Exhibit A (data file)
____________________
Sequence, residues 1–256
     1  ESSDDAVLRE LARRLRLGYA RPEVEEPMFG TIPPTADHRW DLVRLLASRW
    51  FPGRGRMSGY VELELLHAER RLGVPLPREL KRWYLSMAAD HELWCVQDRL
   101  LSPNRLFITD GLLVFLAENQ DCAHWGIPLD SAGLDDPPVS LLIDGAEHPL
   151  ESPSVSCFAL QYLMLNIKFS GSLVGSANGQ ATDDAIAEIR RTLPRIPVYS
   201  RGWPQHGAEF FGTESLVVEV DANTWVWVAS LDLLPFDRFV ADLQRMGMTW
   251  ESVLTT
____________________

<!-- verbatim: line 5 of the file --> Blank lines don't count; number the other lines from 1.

   151  ESPSVSCFAL QYLMLNIKFS GSLVGSANGQ ATDDAIAEIR RTLPRIPVYS